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Plovers at the Pang


Rainfall in winter 20/21 was plentiful and by spring 2021 the river level at Bucklebury was quite high. However, there was no flood water in the field where Little Ringed Plovers had successfully raised chicks in 2020 and only a small muddy pool at the nearby ‘pony paddock’. By March the breeding site was ploughed, set for cultivation and maize planting would follow.


We knew it had been a special event for these rare birds to breed in the Pang Valley and had already predicted unique factors in 2020 meant it would be a one-off event. Therefore imagine our surprise to find two birds feeding at the muddy pool on April 8th 2021. It had to be two of the same birds and within a few days they were exploring their old nesting area, now ploughed, displaying and mating. Unbelievably this continued for three weeks and allowed us enough time to raise a fund to enable a conservation plot to be created at one end of the arable site. West Berkshire Countryside Society and Newbury District Ornithological Club each gave a grant although breeding was not guaranteed. This was matched by the Birds of Berkshire Conservation Fund and a generous grant was quickly secured. Once more the farmer was an enthusiastic partner in our adventure.


On May 10th the nest site, a shallow scrape in bare ground among maize seedlings, was located by viewing from the road by telescope. Male and female birds then commenced a 24-day incubation period. By the end of May there were four chicks to show for it but it soon became very difficult to see the birds as the crop of maize was growing fast. They definitely survived the visit of a spraying machine by moving onto the unsprayed conservation area. The last actual sighting of chicks was on June 13th, adults were seen in flight and calling and it seemed that the chicks fledged successfully by the end of June.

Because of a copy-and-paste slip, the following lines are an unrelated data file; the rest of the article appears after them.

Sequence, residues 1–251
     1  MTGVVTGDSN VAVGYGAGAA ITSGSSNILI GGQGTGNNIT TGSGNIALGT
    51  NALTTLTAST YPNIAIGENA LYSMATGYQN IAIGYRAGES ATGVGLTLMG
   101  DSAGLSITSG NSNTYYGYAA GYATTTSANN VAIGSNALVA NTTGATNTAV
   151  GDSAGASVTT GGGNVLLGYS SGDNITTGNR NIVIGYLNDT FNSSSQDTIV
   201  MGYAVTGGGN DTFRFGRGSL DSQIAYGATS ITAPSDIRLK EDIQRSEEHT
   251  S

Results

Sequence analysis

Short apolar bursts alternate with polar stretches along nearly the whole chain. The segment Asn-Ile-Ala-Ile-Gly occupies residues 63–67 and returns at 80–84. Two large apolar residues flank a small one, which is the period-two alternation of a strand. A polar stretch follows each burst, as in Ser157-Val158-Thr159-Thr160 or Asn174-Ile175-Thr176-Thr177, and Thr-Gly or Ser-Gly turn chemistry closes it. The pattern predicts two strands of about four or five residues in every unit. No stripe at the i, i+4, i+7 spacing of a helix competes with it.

Another interesting observation was that the adult birds both visited and regularly fed at Bucklebury Ford. This has always been a popular local spot, more so in recent months, with 20 or more people there with children, dogs, bikes and so on. The Ford was within 50 meters of the scrape. So at times in their incubation and fledging the Little Ringed Plovers were within sight and earshot of families enjoying the water. Thus proving once again that birds can sometimes accommodate quite a lot of human presence as long as their immediate nest site is protected.


It is hard to draw any scientific conclusions about the events above, but it really does show how remarkable nature is and how apparently one-off events can be the start of something new. Our thinking is that the birds left Bucklebury on migration, wintered in Africa, instinctively returned to their former breeding site and were able to cope with the new, dry, farmed conditions to raise a second family there. We see even less prospect of

breeding happening again next spring as the muddy pool at the pony paddock is now completely dry. The creation of an undisturbed wet areas for birds to feed would be essential to build a sustainable population and perhaps that is where our efforts are needed most.

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